Malaysian party polls: ‘Fight for the next generation’By Asia Sentinel Oct 09, 2013 2:33PM UTC
A stuttering UMNO holds party election on Oct. 19, reports Asia Sentinel
Malaysia’s United Malays National Organization – the world’s longest-ruling political party – is to hold its triennial intraparty elections on Oct. 19 in a contest that one UMNO source calls “a fight for the next generation in the party.”
For the first time, the race, with former Prime Minister Mahathir Mohamad in the thick of it as potential kingmaker, is open to 140,000 members of the party’s 3.4 million rank and file, instead of polling a few hundred top cadres. Despite a considerable lack of enthusiasm, Prime Minister Najib Tun Razak will be re-elected without challenge as party president, with Muhyiddin Yassin remaining as deputy president and deputy prime minister.
From there down, however, it gets more interesting, and becomes a test of whether UMNO is willing to give up the kind of corrupting influences that got the party in so much trouble with the voters in May, when for the first time since 1969 the Barisan Nasional, or ruling national coalition, lost the popular vote to the opposition despite preserving its position in parliament, 133-89, via a thoroughgoing gerrymandering of the districts.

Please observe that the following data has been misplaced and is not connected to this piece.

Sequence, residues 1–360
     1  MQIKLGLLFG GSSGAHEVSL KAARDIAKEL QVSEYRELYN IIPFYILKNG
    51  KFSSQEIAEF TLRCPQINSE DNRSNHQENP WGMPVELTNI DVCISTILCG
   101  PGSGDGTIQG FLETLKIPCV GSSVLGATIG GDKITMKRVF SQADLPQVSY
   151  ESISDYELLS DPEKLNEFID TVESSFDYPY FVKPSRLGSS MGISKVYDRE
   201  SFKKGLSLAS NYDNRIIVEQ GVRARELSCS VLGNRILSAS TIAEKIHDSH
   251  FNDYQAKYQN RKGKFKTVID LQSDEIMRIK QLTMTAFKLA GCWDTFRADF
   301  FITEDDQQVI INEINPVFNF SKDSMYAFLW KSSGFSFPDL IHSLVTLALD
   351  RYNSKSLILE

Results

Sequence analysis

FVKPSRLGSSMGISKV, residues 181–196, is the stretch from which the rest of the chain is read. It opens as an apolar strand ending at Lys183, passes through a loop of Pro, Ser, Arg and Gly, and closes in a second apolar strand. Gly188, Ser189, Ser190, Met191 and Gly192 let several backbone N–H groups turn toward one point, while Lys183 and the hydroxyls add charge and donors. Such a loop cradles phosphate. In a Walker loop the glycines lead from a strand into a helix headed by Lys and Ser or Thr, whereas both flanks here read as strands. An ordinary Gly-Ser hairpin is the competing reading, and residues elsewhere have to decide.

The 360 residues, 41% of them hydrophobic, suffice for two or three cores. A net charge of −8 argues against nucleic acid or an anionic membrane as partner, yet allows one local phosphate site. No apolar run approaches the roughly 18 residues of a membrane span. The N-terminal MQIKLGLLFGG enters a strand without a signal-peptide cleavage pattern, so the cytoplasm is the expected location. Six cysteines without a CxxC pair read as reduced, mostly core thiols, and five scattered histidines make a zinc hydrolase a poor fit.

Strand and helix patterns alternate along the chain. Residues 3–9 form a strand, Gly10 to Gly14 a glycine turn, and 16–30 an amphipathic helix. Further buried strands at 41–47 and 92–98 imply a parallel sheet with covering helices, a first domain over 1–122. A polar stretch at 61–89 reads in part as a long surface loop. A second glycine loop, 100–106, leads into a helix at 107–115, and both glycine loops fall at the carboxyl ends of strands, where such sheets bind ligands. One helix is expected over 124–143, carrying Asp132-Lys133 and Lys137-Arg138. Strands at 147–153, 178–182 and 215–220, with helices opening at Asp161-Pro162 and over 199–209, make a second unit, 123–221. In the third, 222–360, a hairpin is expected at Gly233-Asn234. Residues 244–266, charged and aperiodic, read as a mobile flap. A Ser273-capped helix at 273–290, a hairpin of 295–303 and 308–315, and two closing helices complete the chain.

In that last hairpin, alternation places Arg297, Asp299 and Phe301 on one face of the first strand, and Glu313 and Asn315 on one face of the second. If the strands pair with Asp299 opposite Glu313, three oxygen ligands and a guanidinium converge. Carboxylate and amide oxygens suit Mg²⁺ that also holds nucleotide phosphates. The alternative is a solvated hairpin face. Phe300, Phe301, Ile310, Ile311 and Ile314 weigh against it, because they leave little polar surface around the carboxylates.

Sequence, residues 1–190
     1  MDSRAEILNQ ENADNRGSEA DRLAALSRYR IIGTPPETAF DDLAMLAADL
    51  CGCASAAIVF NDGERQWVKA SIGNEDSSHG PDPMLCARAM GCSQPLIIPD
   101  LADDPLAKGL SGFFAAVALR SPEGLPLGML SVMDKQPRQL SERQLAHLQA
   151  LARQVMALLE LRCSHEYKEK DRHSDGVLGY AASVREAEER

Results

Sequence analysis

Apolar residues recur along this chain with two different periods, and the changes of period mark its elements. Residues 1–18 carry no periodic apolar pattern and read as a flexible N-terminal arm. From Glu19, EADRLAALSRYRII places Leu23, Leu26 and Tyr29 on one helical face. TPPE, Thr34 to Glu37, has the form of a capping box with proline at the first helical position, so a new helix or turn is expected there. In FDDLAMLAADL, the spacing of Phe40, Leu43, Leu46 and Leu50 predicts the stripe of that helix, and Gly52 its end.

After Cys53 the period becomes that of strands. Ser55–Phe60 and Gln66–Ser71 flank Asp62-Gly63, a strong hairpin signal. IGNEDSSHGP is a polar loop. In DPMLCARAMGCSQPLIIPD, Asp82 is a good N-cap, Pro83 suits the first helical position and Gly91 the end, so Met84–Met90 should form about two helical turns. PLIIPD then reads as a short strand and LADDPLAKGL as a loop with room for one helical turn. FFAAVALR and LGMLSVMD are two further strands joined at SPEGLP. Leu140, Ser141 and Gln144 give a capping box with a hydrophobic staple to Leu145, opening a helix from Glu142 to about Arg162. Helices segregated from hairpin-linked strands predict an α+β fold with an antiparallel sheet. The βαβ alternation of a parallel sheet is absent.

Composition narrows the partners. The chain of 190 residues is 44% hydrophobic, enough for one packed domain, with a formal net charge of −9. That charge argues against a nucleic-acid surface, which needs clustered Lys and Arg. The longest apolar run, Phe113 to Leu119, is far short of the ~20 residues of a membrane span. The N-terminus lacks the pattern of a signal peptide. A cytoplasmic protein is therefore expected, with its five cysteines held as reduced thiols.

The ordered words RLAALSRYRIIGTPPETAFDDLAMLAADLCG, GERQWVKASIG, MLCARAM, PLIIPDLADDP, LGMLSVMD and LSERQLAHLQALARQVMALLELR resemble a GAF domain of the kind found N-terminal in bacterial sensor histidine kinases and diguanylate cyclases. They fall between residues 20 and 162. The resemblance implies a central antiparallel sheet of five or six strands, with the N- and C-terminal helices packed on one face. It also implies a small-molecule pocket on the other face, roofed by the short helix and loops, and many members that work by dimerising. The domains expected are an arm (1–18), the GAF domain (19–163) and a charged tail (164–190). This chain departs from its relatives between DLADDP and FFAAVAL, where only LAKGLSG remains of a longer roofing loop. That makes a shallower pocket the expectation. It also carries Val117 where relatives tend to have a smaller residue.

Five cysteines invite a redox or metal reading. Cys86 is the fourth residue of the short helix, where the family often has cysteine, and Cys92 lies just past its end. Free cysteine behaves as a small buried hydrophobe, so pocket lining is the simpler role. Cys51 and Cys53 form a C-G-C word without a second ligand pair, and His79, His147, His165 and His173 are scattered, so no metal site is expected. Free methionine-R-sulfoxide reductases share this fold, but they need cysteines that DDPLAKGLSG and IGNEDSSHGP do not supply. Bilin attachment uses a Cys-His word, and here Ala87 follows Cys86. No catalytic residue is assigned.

Najib’s post-election pledges to clean out corruption have largely been met with derision. Tengku Razaleigh Hamzah, a party elder whom few listen to, recently wrote that the challenges facing Malaysia include “a need for a clean government of integrity to combat the rampant and pervasive corruption. During the past decade, reports say Malaysia lost US$338 billion in illicit money outflows and 50 percent of Malaysian companies report they lose business opportunities because rival companies pay bribes to decision-makers.”
“I would say it is a fight between Khairy and Mukhrizb,” a source said. Although they are not facing off against each other, that would be Kedah Chief Minister Mukhriz Mahathir, the 49-year-old son of the former Prime Minister, who is seeking to become one of the party’s three vice presidents, probably as an eventual attempt to springboard to the premiership now held by Najib, and Khairy Jamaluddin, the son-in-law of former Prime Minister Abdullah Ahmad Badawi, who is despised by the Mahathir wing of the party. Khairy is the chairman of UMNO Youth, the youth wing of the party.
Khairy, now 37, was previously a target not only of Mahathir but of Najib, partly because he was a Badawi representative but also because they accused him of using his relationship to Abdullah Badawi to gain special favors. However, he has since become close to both Najib and Najib’s wife, Rosmah Mansor, which is believed to guarantee his return as both youth and sports minister and UMNO Youth head.
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